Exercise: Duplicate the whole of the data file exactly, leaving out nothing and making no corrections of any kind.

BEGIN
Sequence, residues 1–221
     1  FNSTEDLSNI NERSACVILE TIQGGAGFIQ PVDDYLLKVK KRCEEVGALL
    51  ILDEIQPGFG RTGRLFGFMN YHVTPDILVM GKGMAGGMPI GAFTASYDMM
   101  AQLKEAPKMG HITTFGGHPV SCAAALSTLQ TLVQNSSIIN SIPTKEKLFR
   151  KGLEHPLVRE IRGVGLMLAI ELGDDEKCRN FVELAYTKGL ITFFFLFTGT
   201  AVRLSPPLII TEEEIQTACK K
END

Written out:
Sequence, residues 1–221
     1  FNSTEDLSNI NERSACVILE TIQGGAGFIQ PVDDYLLKVK KRCEEVGALL
    51  ILDEIQPGFG RTGRLFGFMN YHVTPDILVM GKGMAGGMPI GAFTASYDMM
   101  AQLKEAPKMG HITTFGGHPV SCAAALSTLQ TLVQNSSIIN SIPTKEKLFR
   151  KGLEHPLVRE IRGVGLMLAI ELGDDEKCRN FVELAYTKGL ITFFFLFTGT
   201  AVRLSPPLII TEEEIQTACK K